Driving in Latvia: Tips & Advice for Safer Road Travel

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Latvia is a beautiful country to explore by car. Here are afew tips to keep you safe.

Curved asphalt road in a forest covered with snow in Latvia Photo © Getty Images/alekseystemmer

With its coast, forests and pretty towns, scenic Latvia is ideal to explore by car. Here's what you need to know before hitting the road in Latvia. 

General road rules in Latvia

  • You must drive on the right and overtake on the left
  • Seat belts must be worn in all seats that have one
  • Motor offenses can attract on-the-spot fines that must be paid within 30 days 
  • Drivers must have a valid driving license (you must also be 18 or over), a motor insurance certificate and the V5 registration document for your own car or the hire car
  • Unless your headlights can be adjusted, you must carry headlamp converters (stickers that adjust the beam of your headlights when driving on the right, so you don't dazzle motorists coming the other way)
  • Always carry a warning triangle in case of a breakdown
  • The speed limit is 50km/h in built-up areas, 20km/h in residential areas, 90km/h on country roads, and 100km/h on dual carriageways
  • Drivers cannot use radar detectors or anything that could interfere with police equipment.

Winter driving conditions in Latvia

Driving in harsh winter conditions doesn't make getting around Latvia any easier, so try to avoid planning a road trip between the months of December to March. Temperatures reach lows of -13ºF (-25ºC), and there are snow, ice and fog to navigate.

In winter, be careful walking on icy paths and drive slowly on icy roads. Check with locals before you set out to see if there are any black ice spots. Snow covering major roads is plowed when necessary.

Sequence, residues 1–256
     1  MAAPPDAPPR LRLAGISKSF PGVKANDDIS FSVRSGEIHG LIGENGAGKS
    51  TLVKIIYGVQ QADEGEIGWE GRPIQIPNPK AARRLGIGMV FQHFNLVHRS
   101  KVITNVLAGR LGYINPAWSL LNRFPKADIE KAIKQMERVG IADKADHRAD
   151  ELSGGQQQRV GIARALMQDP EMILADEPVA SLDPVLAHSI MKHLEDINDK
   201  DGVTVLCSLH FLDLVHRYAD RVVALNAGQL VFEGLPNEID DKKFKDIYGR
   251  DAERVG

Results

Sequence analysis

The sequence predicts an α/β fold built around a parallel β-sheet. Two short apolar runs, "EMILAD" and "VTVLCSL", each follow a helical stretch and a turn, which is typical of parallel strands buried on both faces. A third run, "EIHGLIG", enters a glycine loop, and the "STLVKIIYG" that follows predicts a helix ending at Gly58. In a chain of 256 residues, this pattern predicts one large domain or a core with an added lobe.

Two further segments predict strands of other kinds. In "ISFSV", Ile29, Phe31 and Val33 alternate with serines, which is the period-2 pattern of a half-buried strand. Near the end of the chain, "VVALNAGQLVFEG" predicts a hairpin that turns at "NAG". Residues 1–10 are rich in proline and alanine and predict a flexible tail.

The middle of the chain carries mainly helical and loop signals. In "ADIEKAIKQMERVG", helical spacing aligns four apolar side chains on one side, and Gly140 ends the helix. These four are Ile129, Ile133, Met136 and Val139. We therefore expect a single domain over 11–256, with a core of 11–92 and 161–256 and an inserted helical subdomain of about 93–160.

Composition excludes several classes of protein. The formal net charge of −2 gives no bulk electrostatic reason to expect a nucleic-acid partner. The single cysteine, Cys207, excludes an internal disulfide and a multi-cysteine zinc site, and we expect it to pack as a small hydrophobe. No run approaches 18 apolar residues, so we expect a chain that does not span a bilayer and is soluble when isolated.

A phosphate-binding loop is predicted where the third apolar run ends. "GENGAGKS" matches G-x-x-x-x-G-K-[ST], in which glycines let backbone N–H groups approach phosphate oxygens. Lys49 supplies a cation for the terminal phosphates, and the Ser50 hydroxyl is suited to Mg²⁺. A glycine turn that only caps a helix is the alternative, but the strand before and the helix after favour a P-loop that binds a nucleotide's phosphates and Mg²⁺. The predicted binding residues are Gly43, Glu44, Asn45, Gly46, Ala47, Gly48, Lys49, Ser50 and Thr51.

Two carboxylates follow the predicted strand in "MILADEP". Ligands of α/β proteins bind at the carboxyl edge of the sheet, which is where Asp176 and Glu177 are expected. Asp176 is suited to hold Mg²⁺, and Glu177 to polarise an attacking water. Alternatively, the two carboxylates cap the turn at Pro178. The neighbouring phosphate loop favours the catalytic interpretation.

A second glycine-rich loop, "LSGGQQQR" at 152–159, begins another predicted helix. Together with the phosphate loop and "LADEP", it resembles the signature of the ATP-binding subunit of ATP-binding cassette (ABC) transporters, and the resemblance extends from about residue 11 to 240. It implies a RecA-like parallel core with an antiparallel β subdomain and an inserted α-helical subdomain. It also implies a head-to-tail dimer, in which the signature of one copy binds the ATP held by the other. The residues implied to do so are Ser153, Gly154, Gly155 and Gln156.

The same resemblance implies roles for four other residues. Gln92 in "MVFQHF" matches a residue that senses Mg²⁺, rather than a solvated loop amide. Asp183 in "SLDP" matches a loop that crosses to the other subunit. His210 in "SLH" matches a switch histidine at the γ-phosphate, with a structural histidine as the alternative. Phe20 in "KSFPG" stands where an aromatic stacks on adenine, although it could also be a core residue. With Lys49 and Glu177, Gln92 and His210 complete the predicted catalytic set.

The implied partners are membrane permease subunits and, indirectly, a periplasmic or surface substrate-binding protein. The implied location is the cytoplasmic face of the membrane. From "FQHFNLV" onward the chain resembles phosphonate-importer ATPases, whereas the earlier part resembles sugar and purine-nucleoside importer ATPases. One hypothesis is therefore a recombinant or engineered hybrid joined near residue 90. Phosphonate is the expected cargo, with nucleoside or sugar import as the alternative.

During winter, daylight hours dwindle down to just six hours per day.

Winter tires are required between 1 December and 1 March, and a special winter diesel fuel with a very high congealing point is available in winter. 

Tips for road safety in Latvia

To stay safe while driving in Latvia be alert, drive safely, study the map before you set out, and drive in daylight hours.

  • Drivers must use their headlights at all times, including during daylight hours – winter months can be especially dreary even during the day  
  • Never drink alcohol and drive. The legal limit is 0.05% (0.02% if you have less than two years' driving experience). If you are caught driving over the limit, you will face a large fine, license endorsement and possible imprisonment
  • Using a mobile phone whilst driving is prohibited unless using a hands-free device
  • Always use headlights to maximize visibility on the roads 
  • Avoid driving during snowstorms, but if your schedule demands it, drive slowly
  • Always stick to the speed limits, which are usually 30mi/h (50km/h) in cities and 55mi/h (90km/h) on roads outside of urban areas, and 62mi/h (100km/h) on motorways
  • Use secure car parks whenever possible as car thefts and break-ins are common
  • In Riga, you must not park on tramlines.

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  • Biasedblsht said

    First of all, Latvia is Northern, not Eastern Europe. This article is biased and exaggerated. Latvians drive quite well, respect pedestrians and are well aware of road condition (being repaired intensively now) and winter driving. The ones driving like crazy chimps are usually Russians with their BMWs.

  • Michael said

    I didn't notice a problem with drivers not respecting pedestrians but they do have VERY dangerous habits of overtaking on highways, and roundabouts can be a bit of a mess for example having two lanes but next to no road markings to follow.

    I was travelling with max allowed speed at highway but locals were passing me what seemed like every 30 seconds.
    Also, they force you to drive off the marked path on the side of the road ( in effect making a third "passing lane" in the middle of the road) by blinking the headlights and driving aggressively close to you.

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